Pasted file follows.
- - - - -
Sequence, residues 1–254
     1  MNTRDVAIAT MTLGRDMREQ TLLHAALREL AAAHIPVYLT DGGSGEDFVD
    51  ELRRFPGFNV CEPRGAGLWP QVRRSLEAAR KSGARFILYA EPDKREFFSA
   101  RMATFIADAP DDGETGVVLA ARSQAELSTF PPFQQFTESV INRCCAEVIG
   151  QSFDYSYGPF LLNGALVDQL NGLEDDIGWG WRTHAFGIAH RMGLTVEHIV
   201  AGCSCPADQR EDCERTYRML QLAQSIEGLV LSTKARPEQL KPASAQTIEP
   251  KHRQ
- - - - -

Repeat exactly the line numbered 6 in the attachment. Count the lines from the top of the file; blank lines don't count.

   201  AGCSCPADQR EDCERTYRML QLAQSIEGLV LSTKARPEQL KPASAQTIEP